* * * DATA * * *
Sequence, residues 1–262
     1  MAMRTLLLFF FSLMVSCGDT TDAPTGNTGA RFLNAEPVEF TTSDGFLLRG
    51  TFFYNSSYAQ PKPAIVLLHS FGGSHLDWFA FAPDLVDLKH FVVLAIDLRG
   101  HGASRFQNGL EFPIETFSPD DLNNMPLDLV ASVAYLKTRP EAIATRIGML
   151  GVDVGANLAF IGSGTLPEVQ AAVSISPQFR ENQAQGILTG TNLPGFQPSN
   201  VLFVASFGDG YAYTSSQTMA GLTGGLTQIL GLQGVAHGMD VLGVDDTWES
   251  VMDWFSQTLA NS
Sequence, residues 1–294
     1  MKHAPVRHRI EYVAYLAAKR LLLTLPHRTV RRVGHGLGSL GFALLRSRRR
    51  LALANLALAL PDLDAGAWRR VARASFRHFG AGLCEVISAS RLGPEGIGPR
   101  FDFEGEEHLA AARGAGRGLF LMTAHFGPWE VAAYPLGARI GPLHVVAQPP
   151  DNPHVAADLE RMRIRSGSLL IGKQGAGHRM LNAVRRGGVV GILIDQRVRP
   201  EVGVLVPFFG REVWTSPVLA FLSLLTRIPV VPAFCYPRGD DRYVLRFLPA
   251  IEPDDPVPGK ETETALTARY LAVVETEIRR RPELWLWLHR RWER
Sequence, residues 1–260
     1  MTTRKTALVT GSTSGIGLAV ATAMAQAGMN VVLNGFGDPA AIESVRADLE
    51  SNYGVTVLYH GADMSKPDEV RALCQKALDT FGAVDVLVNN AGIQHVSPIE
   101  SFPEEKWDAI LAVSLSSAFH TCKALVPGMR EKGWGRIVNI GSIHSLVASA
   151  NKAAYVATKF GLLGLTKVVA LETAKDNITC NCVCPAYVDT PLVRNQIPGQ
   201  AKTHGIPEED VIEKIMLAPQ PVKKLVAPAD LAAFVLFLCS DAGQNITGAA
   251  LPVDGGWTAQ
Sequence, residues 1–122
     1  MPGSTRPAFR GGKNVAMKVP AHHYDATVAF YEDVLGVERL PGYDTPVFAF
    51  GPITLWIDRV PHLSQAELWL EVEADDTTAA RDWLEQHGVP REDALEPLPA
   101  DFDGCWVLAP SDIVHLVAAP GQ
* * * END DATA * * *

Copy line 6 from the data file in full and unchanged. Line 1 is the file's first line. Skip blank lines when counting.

   201  VLFVASFGDG YAYTSSQTMA GLTGGLTQIL GLQGVAHGMD VLGVDDTWES